Several regions of Ukraine, including its capital, were facing a massive Russian missile attack Thursday morning, the latest in a series targeting national infrastructure.
Air raid sirens rang out across the country. Mykhailo Podolyak, an adviser to Ukrainian President Volodymyr Zelensky, said Russia launched over 120 missiles.
In Kyiv, air defense systems were activated to fend off the ongoing missile attack, according to the regional administration. Sounds of explosions were heard in the city.
Kharkiv Mayor Ihor Terekhov said numerous explosions took place in Ukraine’s second-largest city. Explosions were also heard in the city of Lviv near the border with Poland, according to Mayor Andriy Sadovyi.
Ukrainian authorities in several regions said some incoming Russian missiles were intercepted.
The governor of southern Ukraine’s Mykolaiv province, Vitaliy Kim, said five missiles were shot down over the Black Sea. The Ukrainian military’s command North said two were downed over the Sumy region, located on the border with Russia in the country’s northeast.
Fragments from downed Russian missiles damaged two private buildings in the Darnytskyi district of Kyiv, the city administration said. An industrial facility and a playground in neighborhoods located across the Dnieper River also were damaged, city officials said. No casualties were immediately reported.
The widespread attack was the latest in a series of Russian strikes targeting vital infrastructure across Ukraine. Moscow has launched such attacks on weekly basis since October, causing widespread blackouts and cutoffs to water supplies.
Kyiv Mayor Vitali Klitschko warned Thursday that there could be power outages in the capital, asking people to stockpile water and to charge their electronic devices.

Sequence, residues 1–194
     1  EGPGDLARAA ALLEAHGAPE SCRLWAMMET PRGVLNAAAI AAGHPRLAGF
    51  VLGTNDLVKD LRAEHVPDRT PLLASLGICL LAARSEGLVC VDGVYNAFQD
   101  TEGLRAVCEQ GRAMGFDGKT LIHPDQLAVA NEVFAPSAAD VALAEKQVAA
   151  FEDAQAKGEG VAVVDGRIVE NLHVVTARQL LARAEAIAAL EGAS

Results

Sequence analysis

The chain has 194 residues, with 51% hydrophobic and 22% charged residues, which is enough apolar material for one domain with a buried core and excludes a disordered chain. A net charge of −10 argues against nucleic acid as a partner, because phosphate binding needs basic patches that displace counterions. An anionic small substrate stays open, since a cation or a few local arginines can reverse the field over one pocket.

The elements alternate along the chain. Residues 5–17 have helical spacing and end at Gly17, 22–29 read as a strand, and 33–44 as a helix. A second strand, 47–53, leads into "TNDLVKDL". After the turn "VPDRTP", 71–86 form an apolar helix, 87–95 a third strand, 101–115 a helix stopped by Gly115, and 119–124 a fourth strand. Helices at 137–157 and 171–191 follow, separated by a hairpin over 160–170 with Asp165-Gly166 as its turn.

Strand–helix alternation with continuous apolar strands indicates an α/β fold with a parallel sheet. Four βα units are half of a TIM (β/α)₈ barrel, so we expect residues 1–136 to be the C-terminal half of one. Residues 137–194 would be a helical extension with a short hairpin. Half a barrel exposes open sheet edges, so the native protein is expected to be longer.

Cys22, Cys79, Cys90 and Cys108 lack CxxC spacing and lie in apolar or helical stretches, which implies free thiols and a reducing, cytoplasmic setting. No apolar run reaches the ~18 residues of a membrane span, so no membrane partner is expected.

After earlier attacks, the Ukrainian military reported shooting down incoming Russian missiles and explosive drones, but some still reached their targets, increasing the suffering of the population amid freezing temperatures.
As the latest wave of Russian strikes began Thursday, authorities in the Dnipro, Odesa and Kryvyi Rih regions said they switched off electricity to minimize the damage to critical infrastructure facilities if they were hit.
Earlier this month, the United States agreed to give a Patriot missile battery to Ukraine to boost the country’s defense. The U.S. and other allies also pledged to provide energy-related equipment to help Ukraine withstand the attacks on its infrastructure.
Podolyak, an adviser to Zelensky, said that Russia was aiming to “destroy critical infrastructure and kill civilians en masse.”
“We’re waiting for further proposals from ‘peacekeepers’ about ‘peaceful settlement,’ ‘security guarantees for RF’ and undesirability of provocations,” Podolyak wrote on Twitter, a sarcastic reference to statements from some in the West who urged Ukraine to seek a political settlement of the conflict.